The authors reported the current position statement of the American College of Radiology: “The ACR strongly supports the use of LDCT for lung cancer screening and believes that the ability of this technique to reduce mortality depends on appropriate patient selection, the performance of high-quality, low–radiation exposure LDCT examinations interpreted by qualified physicians, and a structured reporting and management system as the foundation for quality reporting and outcomes monitoring. Building on extensive ACR experience with breast cancer screening, including the comprehensive widespread use of BI-RADS®, imaging accreditation, quality metrics, and both clinical and research registries, the ACR has focused on expeditiously bringing tools to practicing radiologists to promote the dissemination of high-quality lung cancer screening.

The ACR-Society of Thoracic Radiology (STR) Practice Parameter for the Performance and Reporting of Lung Cancer Screening Thoracic CT 2014 (Resolution 4) provides guidance on indications and contraindications, specifications of the examination, interpretation and reporting, documentation and communication, and equipment specifications. The first edition of the ACR’s Lung-RADS presents a structured management, reporting, and audit schema for lung cancer screening practice and quality assurance (QA). In addition, the ACR has collected lung cancer screening resources on a single web page for individuals, practices, and institutions. Provided links include the 2014 CT protocols from The American Association of Physicists in Medicine, and smoking cessation resources, an important component of any lung cancer screening program. Lastly, as part of the ACR suite of registries under the National Radiology Data Registry, the ACR will launch the Lung Cancer Screening Practice Registry in early 2015. Use of the registry will enable providers to perform clinical practice audits and compare their cancer detection rates, false positives, and positive predictive value rates against benchmarks similar to the standards used in mammography. Participation will be very useful for assuring quality in individual radiology practices.”

Table 5. ACR Lung Cancer Screening Center designation
Table 5. Kazerooni et al. J Am Coll Radiol. 2014 Nov 20. pii: S1546-1440(14)00633-4. doi: 10.1016/j.jacr.2014.10.002. [Epub ahead of print] PMID: 25455196

Mazzone P, Powell CA, Arenberg D, Bach P, Detterbeck F, Gould M, Jaklitsch MT, Jett J, Naidich D, Vachani A, Wiener RS, Silvestri G. Components Necessary for High Quality Lung Cancer Screening: American College of Chest Physicians and American Thoracic Society Policy Statement. Chest. 2014 Oct 30. doi: 10.1378/chest.14-2500. [Epub ahead of print] PMID: 25356819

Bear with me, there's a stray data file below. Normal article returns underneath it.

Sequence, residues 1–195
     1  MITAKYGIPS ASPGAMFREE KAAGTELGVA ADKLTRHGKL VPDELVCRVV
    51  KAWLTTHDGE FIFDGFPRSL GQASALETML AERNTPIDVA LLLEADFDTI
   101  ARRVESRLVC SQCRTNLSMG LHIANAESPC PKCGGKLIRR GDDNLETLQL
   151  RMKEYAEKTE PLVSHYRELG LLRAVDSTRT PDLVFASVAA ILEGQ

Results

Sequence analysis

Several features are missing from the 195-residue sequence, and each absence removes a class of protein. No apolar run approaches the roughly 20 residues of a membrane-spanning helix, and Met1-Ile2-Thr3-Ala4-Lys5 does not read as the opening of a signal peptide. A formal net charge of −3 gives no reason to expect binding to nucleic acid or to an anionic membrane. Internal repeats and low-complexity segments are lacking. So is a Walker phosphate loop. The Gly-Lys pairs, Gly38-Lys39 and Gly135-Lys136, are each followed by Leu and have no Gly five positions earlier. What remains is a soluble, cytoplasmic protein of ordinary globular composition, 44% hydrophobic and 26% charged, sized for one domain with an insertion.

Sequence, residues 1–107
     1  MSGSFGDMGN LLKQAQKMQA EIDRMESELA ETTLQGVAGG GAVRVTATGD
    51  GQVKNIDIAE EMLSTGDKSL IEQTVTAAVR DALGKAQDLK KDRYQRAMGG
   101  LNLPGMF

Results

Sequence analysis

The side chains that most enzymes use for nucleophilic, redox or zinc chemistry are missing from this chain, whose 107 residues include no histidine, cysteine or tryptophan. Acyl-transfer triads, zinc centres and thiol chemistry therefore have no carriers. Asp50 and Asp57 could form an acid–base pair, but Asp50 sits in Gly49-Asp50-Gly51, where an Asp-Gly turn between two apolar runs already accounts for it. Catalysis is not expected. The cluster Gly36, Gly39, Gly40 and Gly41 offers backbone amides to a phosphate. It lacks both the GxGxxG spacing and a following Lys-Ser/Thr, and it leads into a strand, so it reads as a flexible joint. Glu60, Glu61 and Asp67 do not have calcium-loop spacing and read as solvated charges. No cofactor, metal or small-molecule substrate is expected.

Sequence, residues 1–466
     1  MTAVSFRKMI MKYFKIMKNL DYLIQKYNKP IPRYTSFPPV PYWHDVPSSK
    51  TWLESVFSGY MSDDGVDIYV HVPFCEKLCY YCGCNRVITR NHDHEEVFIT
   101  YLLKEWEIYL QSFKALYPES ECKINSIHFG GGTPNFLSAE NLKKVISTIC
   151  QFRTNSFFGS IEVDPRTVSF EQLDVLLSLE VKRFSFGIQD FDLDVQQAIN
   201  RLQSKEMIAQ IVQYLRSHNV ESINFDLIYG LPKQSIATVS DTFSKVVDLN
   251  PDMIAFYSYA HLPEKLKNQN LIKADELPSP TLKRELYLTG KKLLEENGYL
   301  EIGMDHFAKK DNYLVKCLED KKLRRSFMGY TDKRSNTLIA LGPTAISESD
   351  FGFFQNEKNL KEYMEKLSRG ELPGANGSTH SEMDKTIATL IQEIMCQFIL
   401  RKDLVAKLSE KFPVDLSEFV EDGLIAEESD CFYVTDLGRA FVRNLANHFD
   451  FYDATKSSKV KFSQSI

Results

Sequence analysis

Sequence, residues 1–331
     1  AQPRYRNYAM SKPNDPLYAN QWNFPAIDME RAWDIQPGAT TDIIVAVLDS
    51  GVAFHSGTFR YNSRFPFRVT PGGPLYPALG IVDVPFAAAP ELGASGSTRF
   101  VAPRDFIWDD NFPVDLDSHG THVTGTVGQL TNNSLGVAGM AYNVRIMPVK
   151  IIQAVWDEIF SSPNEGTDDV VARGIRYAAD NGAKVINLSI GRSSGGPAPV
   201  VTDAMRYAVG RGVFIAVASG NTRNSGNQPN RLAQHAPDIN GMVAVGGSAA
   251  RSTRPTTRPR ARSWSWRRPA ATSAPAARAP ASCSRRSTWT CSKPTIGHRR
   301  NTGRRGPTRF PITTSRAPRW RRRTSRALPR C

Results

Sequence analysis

The authors presented a joint position statement endorsed by the American College of Chest Physicians, American Thoracic Society, American Association of Thoracic Surgery, American Cancer Society, and American Society of Preventive Oncology: “Lung cancer screening with a low dose chest CT scan can result in more benefit than harm when performed in settings committed to developing and maintaining high quality programs. This project aimed to identify the components of screening that should be a part of all lung cancer screening programs. To do so, committees with expertise in lung cancer screening were assembled by the Thoracic Oncology Network of the ACCP and the Thoracic Oncology Assembly of the ATS. Lung cancer program components were derived from evidence-based reviews of lung cancer screening, and supplemented by expert opinion. This statement was developed and modified based on iterative feedback of the committees. Nine essential components of a lung cancer screening program were identified. Within these components twenty one Policy Statements were developed and translated into criteria that could be used to assess the qualification of a program as a screening facility. Two additional Policy Statements related to the need for multi-society governance of lung cancer screening were developed. High quality lung cancer screening programs can be developed within the presented framework of nine essential program components outlined by our committees.” The components are:

Component 1: Who is offered lung cancer screening;
Component 2: How often, and for how long, to screen;
Component 3: How the CT is performed;
Component 4: Lung nodule identification;
Component 5: Structured reporting;
Component 6: Lung nodule management algorithms;
Component 7: Smoking cessation;
Component 8: Patient and provider education;
Component 9: Data collection;

Wender R, Fontham ET, Barrera E Jr, Colditz GA, Church TR, Ettinger DS, Etzioni R, Flowers CR, Gazelle GS, Kelsey DK, LaMonte SJ, Michaelson JS, Oeffinger KC, Shih YC, Sullivan DC, Travis W, Walter L, Wolf AM, Brawley OW, Smith RA. American Cancer Society lung cancer screening guidelines. CA Cancer J Clin. 2013 Mar-Apr;63(2):107-17. doi: 10.3322/caac.21172. Epub 2013 Jan 11. PMID: 23315954